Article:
Some children who are Autistic are verbal and others never become speakers. This is one of the harder parts of being a parent raising a child on the spectrum. As parents, we need to be able to communicate to our child as we raise them so being told during a diagnosis that your child may never be able to talk is just plain hard. I know now that thanks to technology there are many ways to augment communication but when you are looking into the eyes of a toddler or preschooler who you are still teaching many other things it all seems daunting.
Especially hard is being at the playground and watching as other children try to initiate play with your child and your child cannot say anything at all. Confused children shrug their shoulders and walk away. Another social learning opportunity is lost so I begin to think no wonder social challenges are a big thing with many Autistics if they were not given the equal chance of learning how to navigate the social sphere as their peers did.
I would be sitting at ASD parent-training seminars and listen to other parents talking about challenges they were having navigating the school system with their ASD children in kindergarten and speech wasn’t one of their issues. I was so worried then because if my son had to deal with some of the stuff those children were dealing with and couldn’t even talk how would he be able to handle the demands of school? I remember feeling a sense of panic quietly simmering inside of me as I listened to story after story. What did these well-meaning parents tell me? “Don’t worry. He will talk. The words can be slow to come when it comes to Autism.” The words did come but it felt like it happened very slowly and only when we were able to find the right therapists and advocate for more understanding and intervention at school. Right now, one of Johnny’s classmates who is 7-/12 and Autistic too is beginning to make sounds and word approximations and was using an iPad to speak. You just never know but the waiting and not knowing is very hard indeed.
Since its Autism Awareness Month, I wanted to share a post from from December 20, 2011 where I relate what we did as parents to try and help Johnny find his way back to the speaking world. We had no idea if it would work. All we knew is that we HAD to at least try. It is one year after getting Autism Spectrum Disorder Diagnosis and Johnny is 4 and essentially still considered non-verbal but is a beginner communicator who needs PECs to support his communication.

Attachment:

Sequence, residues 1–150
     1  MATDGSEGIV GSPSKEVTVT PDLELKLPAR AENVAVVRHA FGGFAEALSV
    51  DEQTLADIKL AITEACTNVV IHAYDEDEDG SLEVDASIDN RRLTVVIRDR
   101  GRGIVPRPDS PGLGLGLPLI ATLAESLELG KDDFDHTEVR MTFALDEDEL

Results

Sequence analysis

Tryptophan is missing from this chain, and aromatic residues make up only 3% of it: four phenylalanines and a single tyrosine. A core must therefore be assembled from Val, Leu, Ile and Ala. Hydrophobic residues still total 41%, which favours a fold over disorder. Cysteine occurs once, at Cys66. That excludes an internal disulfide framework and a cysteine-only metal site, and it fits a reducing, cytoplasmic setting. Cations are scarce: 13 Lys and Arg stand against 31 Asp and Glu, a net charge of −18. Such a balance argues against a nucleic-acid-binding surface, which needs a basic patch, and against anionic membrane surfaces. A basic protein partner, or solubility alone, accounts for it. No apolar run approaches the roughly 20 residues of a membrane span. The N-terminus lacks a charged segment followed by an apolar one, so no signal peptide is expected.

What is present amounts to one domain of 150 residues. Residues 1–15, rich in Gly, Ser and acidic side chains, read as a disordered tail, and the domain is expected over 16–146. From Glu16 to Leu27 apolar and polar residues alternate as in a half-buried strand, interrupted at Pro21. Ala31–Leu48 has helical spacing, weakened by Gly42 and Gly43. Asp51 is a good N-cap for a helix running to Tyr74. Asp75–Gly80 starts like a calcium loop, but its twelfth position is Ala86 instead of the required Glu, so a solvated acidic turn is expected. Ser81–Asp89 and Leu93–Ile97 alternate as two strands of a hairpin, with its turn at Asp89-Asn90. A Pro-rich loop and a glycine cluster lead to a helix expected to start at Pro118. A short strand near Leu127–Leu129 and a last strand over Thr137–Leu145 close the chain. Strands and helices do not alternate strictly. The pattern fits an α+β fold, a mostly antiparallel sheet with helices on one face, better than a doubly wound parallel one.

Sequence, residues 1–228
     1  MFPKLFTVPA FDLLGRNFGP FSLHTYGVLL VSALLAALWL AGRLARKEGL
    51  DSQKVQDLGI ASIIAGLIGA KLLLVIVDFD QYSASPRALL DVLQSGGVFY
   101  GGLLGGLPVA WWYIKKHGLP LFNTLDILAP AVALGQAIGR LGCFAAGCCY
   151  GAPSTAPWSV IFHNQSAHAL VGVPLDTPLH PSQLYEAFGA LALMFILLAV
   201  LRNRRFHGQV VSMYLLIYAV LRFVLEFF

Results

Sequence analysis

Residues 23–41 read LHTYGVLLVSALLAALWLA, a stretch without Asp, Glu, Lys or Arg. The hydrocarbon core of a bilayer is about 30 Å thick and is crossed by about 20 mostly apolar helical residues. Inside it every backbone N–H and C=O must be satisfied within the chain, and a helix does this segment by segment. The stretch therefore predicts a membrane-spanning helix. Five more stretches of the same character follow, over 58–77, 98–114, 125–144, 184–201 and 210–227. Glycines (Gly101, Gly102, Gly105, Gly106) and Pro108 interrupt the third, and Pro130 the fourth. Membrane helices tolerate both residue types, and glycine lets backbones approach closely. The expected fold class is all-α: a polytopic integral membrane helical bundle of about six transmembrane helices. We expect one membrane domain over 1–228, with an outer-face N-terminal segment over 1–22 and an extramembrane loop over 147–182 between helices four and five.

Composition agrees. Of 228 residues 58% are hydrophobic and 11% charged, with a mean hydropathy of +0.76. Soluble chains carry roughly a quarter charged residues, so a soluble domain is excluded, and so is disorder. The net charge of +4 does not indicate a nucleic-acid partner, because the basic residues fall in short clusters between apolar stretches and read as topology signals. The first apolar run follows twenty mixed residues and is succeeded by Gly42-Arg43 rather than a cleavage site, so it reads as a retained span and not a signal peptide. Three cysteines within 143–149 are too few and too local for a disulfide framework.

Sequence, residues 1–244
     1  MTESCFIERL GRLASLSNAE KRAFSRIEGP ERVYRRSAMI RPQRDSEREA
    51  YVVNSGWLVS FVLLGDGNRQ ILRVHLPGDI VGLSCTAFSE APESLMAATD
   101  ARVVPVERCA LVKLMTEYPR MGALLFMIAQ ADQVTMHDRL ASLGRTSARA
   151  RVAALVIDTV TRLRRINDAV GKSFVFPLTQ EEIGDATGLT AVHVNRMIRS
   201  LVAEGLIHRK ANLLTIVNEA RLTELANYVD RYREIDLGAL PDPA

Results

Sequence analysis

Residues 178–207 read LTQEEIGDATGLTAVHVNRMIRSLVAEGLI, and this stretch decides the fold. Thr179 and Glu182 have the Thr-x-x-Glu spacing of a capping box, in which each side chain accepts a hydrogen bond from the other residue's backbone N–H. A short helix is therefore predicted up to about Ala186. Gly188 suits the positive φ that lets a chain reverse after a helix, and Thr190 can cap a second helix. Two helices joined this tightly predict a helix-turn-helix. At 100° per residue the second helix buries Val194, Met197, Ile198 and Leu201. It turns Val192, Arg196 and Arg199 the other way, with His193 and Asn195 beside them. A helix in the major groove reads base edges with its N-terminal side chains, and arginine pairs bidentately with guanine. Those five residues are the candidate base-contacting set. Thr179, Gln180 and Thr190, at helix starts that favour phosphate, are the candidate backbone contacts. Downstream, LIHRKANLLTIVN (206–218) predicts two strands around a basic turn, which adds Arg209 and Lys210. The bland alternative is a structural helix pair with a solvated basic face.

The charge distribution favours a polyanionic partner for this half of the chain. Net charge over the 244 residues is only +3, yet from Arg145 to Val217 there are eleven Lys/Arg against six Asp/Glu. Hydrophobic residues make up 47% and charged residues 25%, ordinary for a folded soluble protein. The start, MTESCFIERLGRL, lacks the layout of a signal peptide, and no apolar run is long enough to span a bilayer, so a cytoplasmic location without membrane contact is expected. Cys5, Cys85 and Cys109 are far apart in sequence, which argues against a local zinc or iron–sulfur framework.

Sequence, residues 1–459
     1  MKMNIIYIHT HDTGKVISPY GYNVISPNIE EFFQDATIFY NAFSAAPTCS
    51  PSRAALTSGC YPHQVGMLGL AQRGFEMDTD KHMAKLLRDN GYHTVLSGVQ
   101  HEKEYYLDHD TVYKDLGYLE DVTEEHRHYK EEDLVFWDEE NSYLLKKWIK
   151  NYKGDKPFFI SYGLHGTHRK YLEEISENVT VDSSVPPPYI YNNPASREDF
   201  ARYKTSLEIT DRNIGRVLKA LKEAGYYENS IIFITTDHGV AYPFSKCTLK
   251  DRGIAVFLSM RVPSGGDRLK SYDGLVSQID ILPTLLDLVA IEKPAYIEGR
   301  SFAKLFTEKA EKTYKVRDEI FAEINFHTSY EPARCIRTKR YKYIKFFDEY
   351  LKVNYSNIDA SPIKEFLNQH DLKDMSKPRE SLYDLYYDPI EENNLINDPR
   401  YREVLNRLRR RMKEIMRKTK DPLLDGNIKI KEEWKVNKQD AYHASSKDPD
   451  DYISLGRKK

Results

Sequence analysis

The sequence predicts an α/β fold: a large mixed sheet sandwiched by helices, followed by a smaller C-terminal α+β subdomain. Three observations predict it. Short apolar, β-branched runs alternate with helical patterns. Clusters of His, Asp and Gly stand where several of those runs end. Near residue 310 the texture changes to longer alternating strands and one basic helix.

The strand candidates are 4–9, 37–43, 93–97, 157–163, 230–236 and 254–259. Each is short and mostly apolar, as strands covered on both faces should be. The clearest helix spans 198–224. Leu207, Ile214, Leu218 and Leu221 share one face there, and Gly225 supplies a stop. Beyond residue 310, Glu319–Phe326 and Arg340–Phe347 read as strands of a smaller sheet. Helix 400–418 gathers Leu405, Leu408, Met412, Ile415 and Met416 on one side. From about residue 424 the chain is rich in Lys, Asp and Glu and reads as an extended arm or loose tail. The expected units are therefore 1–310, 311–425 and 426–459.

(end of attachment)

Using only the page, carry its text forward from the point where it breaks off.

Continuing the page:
One year ago today Johnny began using words again when he requested what he wanted. At around 16 to 18 months Johnny lost any language he had learned and only used grunts and pointing to communicate. Imagine hearing your child say “Mama” “Da Da” at the typical times of development and one day it just stops.
We wanted him to start using his words again but how do you motivate him? We had learned some sign language to teach him so he could communicate “more” or “done” but sometimes he didn’t want to even do that. In speech therapy you learn how to model words, label things, get eye contact with your child, create learning moments, learn play skills to increase communication etc. After 6 months we felt like we were not moving forward enough. Johnny understood what we were saying, he followed directions and could point to things in books when we asked him so he was showing he had good receptive language skills. We decided that in order for him to get something he needed we had to get him to start really “trying” to say the word even if it meant making a vowel sound. We would give him 3 tries and then model what we wanted him to say. We would also start acting like we didn’t understand at first so he would have to try and make us understand. Would he get frustrated? Yes but what better currency then wanting that cup of juice or that banana. Every single moment of every day became a teaching moment. We decided that if he liked repetition then we would use it to teach him to talk.
I remember I asked him to say “Ma Ma” and then point at what he wanted so that I not only heard the words I craved to hear but to start teaching him how to get someone’s specific attention and reap the benefits. It took lots of repetition and modelling but then suddenly he said “Ma Ma”. I was so overjoyed and flabbergasted all at once that I kept kissing his face. Did he say what I thought I heard? He would give me a big smile and say “Ma Ma” over and over again and I would smother his little face with kisses until her started giggling. That’s Johnny’s beloved voice that I haven’t heard in well over a year! I started to cry with happiness which really got him to say “Ma Ma” and put his hands on my face and look deeply into my eyes. This alone is massive because eye contact and touch is everything when you are reaching a child on the spectrum and trying to reach them and bring them back. Once Johnny realized how happy he was making Mommy he kept saying “Ma Ma” over and over again and basking in the joy he was giving me. We had found a new game to play with each other. I think we found his motivation to make Mommy smile and get kisses.
A year later Johnny now says with prompting “Da Da. I want orange juice. I want bar. ”